Dodgers catcher Tim Federowicz gets his chance to face former team.

Tim FederowiczThere was one former Red Sox player in the Dodgers clubhouse Monday who didn’t draw a crowd of reporters when he arrived at his locker stall.

That’s probably because Tim Federowicz never advanced past Double-A while he was a member of the Red Sox organization. The Dodgers’ catcher said he came close to getting called up in 2011, the year he was traded along with Stephen Fife and Juan Rodriguez in a three-way trade that sent Trayvon Robinson to Seattle.

“I think if there was somebody to get called up my last year there, it would’ve been me,” said Federowicz, who was drafted in the seventh round of the 2008 draft. “There were different times I can’t go into where it almost happened.”

Federowicz was five days from his 24th birthday when the trade happened. That’s a large reason he never broke through with the Red Sox, who didn’t give more than 50 plate appearances to a player 25 or older that season. (The only 24-year-old regular, outfielder Josh Reddick, was traded to Oakland after the season for a pair of older players.)

Boston’s current active roster features two position players 25 or younger, Xander Bogaerts and Will Middlebrooks (who climbed the minor-league ladder at the same time as Federowicz), plus pitchers Brayan Villareal and Drake Britton.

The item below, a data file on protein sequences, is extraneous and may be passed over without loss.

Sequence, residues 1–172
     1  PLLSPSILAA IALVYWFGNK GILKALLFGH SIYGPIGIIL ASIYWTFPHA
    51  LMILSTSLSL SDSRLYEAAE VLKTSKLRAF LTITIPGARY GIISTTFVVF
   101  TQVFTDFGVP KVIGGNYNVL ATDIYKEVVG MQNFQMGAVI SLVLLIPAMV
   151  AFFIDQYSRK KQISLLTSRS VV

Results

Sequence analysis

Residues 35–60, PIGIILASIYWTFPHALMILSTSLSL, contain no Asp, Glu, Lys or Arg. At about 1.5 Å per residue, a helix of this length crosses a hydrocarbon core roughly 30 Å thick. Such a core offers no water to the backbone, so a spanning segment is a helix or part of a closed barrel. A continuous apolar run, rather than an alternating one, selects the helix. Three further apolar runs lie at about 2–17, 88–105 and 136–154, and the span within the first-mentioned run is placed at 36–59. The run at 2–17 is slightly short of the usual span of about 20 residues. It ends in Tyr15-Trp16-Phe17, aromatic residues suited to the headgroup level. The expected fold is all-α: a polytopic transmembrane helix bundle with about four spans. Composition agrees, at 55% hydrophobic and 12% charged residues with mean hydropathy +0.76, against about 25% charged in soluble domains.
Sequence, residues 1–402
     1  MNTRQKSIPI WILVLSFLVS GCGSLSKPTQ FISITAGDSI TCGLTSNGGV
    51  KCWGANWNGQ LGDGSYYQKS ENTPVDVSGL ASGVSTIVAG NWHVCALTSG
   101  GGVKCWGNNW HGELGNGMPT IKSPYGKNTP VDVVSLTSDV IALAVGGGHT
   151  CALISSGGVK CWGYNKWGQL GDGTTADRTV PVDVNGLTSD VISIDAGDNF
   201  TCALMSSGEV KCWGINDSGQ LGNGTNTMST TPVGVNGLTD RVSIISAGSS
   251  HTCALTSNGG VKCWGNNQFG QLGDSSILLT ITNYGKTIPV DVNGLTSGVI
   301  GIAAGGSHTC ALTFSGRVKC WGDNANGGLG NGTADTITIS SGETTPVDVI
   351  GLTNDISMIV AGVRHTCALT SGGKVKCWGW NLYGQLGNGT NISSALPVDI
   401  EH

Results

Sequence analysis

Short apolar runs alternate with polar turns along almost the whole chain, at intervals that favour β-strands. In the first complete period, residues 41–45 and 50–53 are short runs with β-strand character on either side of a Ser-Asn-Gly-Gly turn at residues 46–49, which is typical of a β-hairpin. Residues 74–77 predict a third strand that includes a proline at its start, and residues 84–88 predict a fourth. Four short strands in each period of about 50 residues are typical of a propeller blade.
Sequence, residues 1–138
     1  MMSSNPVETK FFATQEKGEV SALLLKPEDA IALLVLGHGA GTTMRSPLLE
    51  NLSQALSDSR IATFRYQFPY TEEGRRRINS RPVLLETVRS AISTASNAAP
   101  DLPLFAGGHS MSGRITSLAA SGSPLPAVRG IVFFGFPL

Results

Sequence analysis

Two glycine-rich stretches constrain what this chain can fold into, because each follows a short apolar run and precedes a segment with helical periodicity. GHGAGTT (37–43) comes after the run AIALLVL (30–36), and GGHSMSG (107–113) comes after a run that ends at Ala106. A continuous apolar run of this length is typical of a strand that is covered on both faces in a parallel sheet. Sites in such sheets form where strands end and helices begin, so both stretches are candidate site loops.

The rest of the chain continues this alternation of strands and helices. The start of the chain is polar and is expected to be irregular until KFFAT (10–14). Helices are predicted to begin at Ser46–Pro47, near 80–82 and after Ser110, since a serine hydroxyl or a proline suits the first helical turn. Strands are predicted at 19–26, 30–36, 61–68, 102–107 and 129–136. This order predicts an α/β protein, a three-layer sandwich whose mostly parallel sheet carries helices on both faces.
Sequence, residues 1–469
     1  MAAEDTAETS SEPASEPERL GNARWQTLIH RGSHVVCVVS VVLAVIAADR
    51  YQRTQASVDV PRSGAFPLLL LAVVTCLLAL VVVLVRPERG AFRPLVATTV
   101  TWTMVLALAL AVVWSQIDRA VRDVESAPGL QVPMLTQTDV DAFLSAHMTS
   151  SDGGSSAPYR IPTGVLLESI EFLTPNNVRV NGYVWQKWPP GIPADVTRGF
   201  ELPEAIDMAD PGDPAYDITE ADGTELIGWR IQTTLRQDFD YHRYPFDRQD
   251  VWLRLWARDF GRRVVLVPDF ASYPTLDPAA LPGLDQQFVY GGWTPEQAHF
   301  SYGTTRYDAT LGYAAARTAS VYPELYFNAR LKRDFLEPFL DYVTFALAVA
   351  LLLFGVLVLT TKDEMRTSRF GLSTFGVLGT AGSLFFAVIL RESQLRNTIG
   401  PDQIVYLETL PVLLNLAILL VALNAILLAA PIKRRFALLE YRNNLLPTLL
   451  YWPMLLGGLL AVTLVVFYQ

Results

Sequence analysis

“It’s good,” Federowicz said. “I think it’s part of the reason for their success, getting guys who enjoy coming to the ballpark every day. It pushes the old guys.”

Federowicz will catch Ricky Nolasco for the fourth time in Nolasco’s last five starts. A.J. Ellis gets the day off after starting a day game after a night game in Miami on Thursday.

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About J.P. Hoornstra

J.P. Hoornstra covers the Dodgers, Angels and Major League Baseball for the Orange County Register, Los Angeles Daily News, Long Beach Press-Telegram, Torrance Daily Breeze, San Gabriel Valley Tribune, Pasadena Star-News, San Bernardino Sun, Inland Valley Daily Bulletin, Whittier Daily News and Redlands Daily Facts. Before taking the beat in 2012, J.P. covered the NHL for four years. UCLA gave him a degree once upon a time; when he graduated on schedule, he missed getting Arnold Schwarzenegger's autograph on his diploma by five months.